The great author Fran Lebowitz once said eloquently, "If you read a lot, nothing is as great as you've imagined. Venice is - Venice is better.”. Venice may be better, but reading about the city is still required, particularly in regards to travel information. Below is some basic information to read up on before you go.
Generally speaking, Australian passport holders can holiday in Italy for up to 90 days without a visa. However, Australian passport holders looking to work in Venice must be granted a visa under the Working Holiday Maker visa program. Please note that these are just guidelines and that visa requirements can change. As such, always check with the Italian embassy before you travel.
Italy is part of the European Union and as such uses the Euro. The exchange rate between the Euro and the Australian Dollar changes constantly, so it's a good idea to monitor the rate in the lead up to your trip and purchase Euros when the time is right. For safe spending, particularly for larger purchases, consider bringing a credit card or a travel money card.
Despite it being an Italian city, Venetian cuisine tends to differ significantly from the rest of the country. While a love for pasta, particularly handmade ravioli and gnocchi, is shared with the rest of Italy, Venetian cuisine has more in common with its neighbouring Slavic countries and Austria. At the forefront of Venetian cooking is polenta, a cornmeal that is often grilled and served with fried meat and vegetables. Risotto is another signature dish with common recipes including mushrooms or seafood. Don't miss indulging in gelato while strolling the historic streets either!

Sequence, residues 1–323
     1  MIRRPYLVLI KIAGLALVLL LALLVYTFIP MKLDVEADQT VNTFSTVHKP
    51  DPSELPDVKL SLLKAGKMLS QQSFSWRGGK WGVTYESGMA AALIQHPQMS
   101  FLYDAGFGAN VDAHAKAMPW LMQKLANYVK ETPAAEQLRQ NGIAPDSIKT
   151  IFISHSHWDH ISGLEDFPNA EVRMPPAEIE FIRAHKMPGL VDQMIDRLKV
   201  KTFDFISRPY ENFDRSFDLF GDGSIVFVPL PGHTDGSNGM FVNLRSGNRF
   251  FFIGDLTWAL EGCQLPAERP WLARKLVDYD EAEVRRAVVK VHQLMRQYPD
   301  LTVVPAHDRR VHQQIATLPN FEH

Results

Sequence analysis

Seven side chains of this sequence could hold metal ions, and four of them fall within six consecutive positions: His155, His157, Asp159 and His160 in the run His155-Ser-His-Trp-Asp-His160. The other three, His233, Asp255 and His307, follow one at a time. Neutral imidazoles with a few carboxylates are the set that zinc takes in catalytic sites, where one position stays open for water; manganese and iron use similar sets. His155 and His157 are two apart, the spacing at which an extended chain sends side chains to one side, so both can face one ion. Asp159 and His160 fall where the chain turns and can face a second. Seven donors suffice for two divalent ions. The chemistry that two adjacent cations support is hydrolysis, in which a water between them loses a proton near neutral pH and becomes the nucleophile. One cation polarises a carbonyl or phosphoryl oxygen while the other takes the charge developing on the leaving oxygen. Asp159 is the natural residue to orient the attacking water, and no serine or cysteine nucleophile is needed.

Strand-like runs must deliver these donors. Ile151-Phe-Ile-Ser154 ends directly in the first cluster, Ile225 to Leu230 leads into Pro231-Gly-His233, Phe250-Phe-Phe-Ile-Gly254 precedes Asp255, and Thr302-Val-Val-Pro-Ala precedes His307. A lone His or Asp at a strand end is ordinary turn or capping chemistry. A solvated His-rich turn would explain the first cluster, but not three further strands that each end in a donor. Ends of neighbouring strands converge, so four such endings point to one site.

Venice is far from the party capital it once was in the early 19th century. Stroll around the streets after 10pm and you'll struggle to find another person to talk to let alone share a drink with. But there are places to enjoy a fine night-time beverage in Venice. You just need to know where to look. Generally speaking, this means heading outside of the tourist areas. While travellers tend to retire early to rest their tired feet, locals congregate at unassuming day cafes in the Dorsoduro or the Cannaregio areas, turning them into hip night-time hangouts where dancing and drinking run late into the night.